Editor’s note: The following essay (which has been condensed from the original), was written by Elbert Hubbard in 1899. In “A Message to Garcia,” Hubbard uses a dramatized version of 1st Lt. Andrew S. Rowan’s mission to meet with Gen. Calixto García, commander of the rebel forces in Eastern Cuba, at the start of the Spanish-American war. Hubbard’s call for personal ownership and individual initiative proved strikingly resonate with the business community and public: the short essay was reprinted perhaps millions of times in pamphlets and miniature hardbound books and distributed far and wide. In fact, the phrase “to carry a message to Garcia” became common shorthand for resolutely fulfilling any difficult task and remained in use throughout the 20th century. The essay itself is still passed around in military circles today.
In all this Cuban business there is one man stands out on the horizon of my memory like Mars at perihelion.
When war broke out between Spain and the United States, it was very necessary to communicate quickly with the leader of the insurgents. Garcia was somewhere in the mountain fastnesses of Cuba — no one knew where. No mail or telegraph could reach him. The President must secure his co-operation, and quickly.
What to do!
Someone said to the President, “There’s a fellow by the name of Rowan will find Garcia for you, if anybody can.” Rowan was sent for and given a letter to be delivered to Garcia. How “the fellow by name of Rowan” took the letter, sealed it up in an oil-skin pouch, strapped it over his heart, in four days landed by night off the coast of Cuba from an open boat, disappeared into the jungle, and in three weeks came out on the other side of the island, having traversed a hostile country on foot, and having delivered his letter to Garcia, are things I have no special desire now to tell in detail. The point I wish to make is this: McKinley gave Rowan a letter to be delivered to Garcia; Rowan took the letter and did not ask, “Where is he at?”
By the Eternal! There is a man whose form should be cast in deathless bronze and the statue placed in every college in the land. It is not book-learning young men need, nor instruction about this or that, but a stiffening of the vertebrae which will cause them to be loyal to a trust, to act promptly, concentrate their energies; do the thing — “carry a message to Garcia!”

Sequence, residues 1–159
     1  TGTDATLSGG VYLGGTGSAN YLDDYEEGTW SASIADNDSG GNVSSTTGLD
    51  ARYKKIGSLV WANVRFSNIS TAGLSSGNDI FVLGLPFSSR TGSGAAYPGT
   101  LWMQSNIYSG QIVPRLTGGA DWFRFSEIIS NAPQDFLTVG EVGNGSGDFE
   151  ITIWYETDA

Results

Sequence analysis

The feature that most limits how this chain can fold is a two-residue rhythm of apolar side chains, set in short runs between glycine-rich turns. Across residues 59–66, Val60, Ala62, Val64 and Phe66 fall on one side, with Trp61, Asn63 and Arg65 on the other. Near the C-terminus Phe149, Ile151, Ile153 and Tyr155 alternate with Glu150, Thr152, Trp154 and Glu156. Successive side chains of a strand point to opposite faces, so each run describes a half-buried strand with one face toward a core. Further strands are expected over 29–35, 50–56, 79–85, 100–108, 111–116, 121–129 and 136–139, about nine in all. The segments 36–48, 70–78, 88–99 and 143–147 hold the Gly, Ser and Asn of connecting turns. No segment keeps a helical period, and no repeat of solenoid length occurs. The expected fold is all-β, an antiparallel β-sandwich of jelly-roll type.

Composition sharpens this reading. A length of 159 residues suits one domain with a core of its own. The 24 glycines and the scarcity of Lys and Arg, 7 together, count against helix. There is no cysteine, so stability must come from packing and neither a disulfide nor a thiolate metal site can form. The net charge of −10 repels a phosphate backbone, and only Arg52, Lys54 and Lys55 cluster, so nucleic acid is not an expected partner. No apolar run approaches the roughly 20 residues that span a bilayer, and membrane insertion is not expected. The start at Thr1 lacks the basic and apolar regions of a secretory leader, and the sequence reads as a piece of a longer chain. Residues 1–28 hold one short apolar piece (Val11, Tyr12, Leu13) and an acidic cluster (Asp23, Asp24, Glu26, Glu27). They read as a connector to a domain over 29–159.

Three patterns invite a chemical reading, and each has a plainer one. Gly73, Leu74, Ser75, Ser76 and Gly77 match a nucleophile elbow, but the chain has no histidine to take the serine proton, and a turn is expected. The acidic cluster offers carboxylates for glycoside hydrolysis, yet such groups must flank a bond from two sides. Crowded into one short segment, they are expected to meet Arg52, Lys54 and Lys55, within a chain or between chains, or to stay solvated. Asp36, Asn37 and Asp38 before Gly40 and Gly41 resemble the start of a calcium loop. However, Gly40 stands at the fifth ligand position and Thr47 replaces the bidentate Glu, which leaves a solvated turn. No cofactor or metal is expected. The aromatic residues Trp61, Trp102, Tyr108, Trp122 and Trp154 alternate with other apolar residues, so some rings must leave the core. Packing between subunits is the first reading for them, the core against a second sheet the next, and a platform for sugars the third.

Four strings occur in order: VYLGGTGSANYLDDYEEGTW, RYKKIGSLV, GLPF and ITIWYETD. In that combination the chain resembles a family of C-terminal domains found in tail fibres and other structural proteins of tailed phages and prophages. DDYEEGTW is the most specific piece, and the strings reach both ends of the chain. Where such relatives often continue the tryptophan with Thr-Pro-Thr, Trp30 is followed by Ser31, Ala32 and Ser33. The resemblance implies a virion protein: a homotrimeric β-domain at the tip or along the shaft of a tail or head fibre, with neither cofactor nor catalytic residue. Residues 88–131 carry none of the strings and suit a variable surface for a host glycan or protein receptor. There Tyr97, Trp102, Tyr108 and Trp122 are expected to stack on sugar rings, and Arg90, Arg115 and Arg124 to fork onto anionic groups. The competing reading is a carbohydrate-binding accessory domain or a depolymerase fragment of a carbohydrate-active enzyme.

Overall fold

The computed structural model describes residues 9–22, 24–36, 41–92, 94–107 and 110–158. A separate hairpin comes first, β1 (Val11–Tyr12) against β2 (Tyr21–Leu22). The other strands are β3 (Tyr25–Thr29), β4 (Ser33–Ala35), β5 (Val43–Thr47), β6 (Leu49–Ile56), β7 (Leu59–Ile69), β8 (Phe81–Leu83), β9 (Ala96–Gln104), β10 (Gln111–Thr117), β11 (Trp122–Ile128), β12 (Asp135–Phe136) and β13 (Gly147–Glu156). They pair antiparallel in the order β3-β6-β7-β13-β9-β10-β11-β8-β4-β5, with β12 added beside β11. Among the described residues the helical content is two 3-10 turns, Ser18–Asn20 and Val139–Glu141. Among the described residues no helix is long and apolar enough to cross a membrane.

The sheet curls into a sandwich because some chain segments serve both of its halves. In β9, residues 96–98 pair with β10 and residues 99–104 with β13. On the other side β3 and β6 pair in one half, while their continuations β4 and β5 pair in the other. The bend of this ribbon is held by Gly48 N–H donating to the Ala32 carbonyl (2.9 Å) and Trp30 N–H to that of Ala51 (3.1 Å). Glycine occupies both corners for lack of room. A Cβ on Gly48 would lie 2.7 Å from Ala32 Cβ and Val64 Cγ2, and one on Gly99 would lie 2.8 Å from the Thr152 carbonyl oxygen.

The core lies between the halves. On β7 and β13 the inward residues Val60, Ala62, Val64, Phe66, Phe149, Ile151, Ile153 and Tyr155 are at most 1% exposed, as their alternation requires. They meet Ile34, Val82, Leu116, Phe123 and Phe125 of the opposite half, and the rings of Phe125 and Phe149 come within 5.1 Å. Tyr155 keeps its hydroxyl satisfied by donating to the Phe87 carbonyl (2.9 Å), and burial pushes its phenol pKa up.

General Garcia is dead now, but there are other Garcias. No man, who has endeavored to carry out an enterprise where many hands were needed, but has been well-nigh appalled at times by the imbecility of the average man — the inability or unwillingness to concentrate on a thing and do it.
Slipshod assistance, foolish inattention, dowdy indifference, and half-hearted work seem the rule; and no man succeeds, unless by hook or crook, or threat, he forces or bribes other men to assist him; or mayhap, God in His goodness performs a miracle, and sends him an Angel of Light for an assistant.
You, reader, put this matter to a test: You are sitting now in your office — six clerks are within your call. Summon any one and make this request: “Please look in the encyclopedia and make a brief memorandum for me concerning the life of Corregio.”
Will the clerk quietly say, “Yes, sir,” and go do the task?
On your life, he will not.
He will look at you out of a fishy eye, and ask one or more of the following questions:
Who was he?
Where is the encyclopedia?
Was I hired for that?
Don’t you mean Bismarck?
What’s the matter with Charlie doing it?
Is he dead?
Is there any hurry?
Shan’t I bring you the book and let you look it up yourself?
What do you want to know for?
And I will lay you ten to one that after you have answered the questions, and explained how to find the information, and why you want it, the clerk will go off and get one of the other clerks to help him find Garcia — and then come back and tell you there is no such man. Of course I may lose my bet, but according to the Law of Average, I will not.
Now if you are wise you will not bother to explain to your “assistant” that Corregio is indexed under the C’s, not in the K’s, but you will smile sweetly and say, “Never mind,” and go look it up yourself.
And this incapacity for independent action, this moral stupidity, this infirmity of the will, this unwillingness to cheerfully catch hold and lift, are the things that put pure socialism so far into the future. If men will not act for themselves, what will they do when the benefit of their effort is for all?
My heart goes out to the man who does his work when the “boss” is away, as well as when he is home. And the man who, when given a letter for Garcia, quietly takes the missive, without asking any idiotic questions, and with no lurking intention of chucking it into the nearest sewer, or of doing aught else but deliver it. Civilization is one long anxious search for just such individuals. Anything such a man asks will be granted; his kind is so rare that no employer can afford to let him go. He is wanted in every city, town, and village — in every office, shop, store, and factory.
The world cries out for such; he is needed, and needed badly — the man who can carry a message to Garcia.